"s.pfield" examples above, but integer (data*) forms are appropriate
   for the "a" and "b" examples.

So I would like to settle on the latter view.  I don't really know how to
make this more explicit in the standard as the general paradigm.
(Probably some careful scanning of all the "address" wording in the spec
would indicate a good approach to that.)  For now I'll concentrate on
specific ramifications for the concrete examples I've given above.

(These references are to the version 4 "WORKING DRAFT 3" of May 22, 2009.)
I note that in Concrete Inlined Instances, for a different use of
DW_AT_const_value the wording is, "... whose value may be of any form that
is appropriate for the representation of the subroutine's return value."
That wording is unlike the other cases, which specifically list the forms
allowed.  This looser wording would seem, on its face, to permit address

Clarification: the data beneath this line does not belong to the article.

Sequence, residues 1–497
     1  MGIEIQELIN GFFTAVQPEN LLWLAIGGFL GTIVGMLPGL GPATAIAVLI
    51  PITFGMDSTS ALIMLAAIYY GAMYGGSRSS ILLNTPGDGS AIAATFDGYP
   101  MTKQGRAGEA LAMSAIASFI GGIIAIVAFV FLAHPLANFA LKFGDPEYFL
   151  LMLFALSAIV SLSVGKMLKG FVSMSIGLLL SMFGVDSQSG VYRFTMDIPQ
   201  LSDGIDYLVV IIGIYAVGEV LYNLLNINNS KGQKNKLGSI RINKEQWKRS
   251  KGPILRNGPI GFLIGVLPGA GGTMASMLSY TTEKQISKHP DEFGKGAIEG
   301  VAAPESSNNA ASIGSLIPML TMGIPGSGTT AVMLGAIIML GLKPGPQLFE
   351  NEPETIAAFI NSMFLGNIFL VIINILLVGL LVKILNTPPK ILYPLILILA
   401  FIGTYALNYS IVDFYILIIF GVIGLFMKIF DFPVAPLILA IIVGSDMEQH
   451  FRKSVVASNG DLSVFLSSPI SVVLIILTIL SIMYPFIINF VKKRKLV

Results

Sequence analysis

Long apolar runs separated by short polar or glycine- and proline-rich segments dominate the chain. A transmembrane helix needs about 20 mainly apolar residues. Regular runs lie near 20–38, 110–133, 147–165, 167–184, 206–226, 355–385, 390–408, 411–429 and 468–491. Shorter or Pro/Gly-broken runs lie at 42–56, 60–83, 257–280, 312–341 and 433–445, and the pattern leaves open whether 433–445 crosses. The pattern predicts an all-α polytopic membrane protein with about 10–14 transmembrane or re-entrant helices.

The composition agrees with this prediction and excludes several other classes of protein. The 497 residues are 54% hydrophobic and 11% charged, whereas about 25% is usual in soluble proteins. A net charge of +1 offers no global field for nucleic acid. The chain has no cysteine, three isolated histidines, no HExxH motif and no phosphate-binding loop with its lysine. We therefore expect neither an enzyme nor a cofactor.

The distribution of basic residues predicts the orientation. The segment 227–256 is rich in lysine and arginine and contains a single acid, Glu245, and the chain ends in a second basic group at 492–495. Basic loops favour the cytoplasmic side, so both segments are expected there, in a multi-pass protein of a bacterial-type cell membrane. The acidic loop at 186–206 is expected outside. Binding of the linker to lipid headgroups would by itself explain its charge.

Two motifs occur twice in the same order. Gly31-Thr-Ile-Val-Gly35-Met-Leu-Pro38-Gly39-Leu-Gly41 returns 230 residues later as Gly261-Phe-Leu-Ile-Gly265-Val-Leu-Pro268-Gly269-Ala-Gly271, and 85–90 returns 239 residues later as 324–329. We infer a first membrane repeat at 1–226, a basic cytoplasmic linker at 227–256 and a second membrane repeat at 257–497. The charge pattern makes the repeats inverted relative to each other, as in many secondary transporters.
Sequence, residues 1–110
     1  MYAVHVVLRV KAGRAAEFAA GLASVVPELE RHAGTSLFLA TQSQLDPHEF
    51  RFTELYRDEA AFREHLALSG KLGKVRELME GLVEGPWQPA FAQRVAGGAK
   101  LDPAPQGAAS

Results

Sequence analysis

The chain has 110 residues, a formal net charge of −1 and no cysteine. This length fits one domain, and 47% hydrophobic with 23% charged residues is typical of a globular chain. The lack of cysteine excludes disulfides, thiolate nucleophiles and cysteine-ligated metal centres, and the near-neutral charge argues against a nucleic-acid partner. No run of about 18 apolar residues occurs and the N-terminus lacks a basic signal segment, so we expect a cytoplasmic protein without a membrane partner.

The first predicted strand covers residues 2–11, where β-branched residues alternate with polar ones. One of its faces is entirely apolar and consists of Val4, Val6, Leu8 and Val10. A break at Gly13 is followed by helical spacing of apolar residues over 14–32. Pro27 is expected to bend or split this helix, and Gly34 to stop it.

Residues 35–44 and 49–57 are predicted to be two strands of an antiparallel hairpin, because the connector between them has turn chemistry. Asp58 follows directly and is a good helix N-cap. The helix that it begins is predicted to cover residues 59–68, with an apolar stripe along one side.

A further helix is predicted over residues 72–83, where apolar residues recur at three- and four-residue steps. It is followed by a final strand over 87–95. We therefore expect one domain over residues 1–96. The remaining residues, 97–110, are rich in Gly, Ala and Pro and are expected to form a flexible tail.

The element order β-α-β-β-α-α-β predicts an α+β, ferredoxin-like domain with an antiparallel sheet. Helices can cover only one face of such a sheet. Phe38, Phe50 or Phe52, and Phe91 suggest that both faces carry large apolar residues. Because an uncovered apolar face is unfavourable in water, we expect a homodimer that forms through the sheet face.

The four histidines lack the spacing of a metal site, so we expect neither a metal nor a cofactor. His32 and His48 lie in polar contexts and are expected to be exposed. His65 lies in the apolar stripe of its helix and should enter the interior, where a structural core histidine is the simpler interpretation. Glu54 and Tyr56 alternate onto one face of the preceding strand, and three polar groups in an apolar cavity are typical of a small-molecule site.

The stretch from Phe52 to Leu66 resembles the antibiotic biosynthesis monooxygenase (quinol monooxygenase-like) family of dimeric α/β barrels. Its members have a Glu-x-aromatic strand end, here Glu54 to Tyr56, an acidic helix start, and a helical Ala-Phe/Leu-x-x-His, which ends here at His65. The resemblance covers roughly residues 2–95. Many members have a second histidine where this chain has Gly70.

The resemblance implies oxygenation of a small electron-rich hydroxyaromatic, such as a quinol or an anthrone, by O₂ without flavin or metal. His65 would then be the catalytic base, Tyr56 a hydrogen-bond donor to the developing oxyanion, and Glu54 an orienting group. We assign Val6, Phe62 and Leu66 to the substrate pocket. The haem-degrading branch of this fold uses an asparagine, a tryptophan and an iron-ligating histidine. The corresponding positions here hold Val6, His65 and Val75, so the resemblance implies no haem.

forms for this one use of DW_AT_const_value.  I'm not entirely clear on
whether the tables like Figure 21 are meant to be normative in giving
exclusive lists of acceptable forms/classes--if so, I guess that serves to
disambiguate the text that seems to conflict on its face, and so rule out
address forms even for a concrete inlined subroutine's return value.

IMHO it would be natural and sensical for DW_AT_const_value to admit the
address form/class across the board.  This easily covers the "ip"
example above.  For the cases where it applies, this is the most compact
representation and the most intuitively straightforward one for that
case.  The changes to the DW_AT_const_value wording for this are simple
and obvious, as is adding "address" to the Figure 21 table.  It's not
entirely clear to me how this sort of compatibility is meant to be
handled, but I suppose that a producer would be obliged to restrict
using DW_FORM_addr in DW_AT_const_value to only when also setting the CU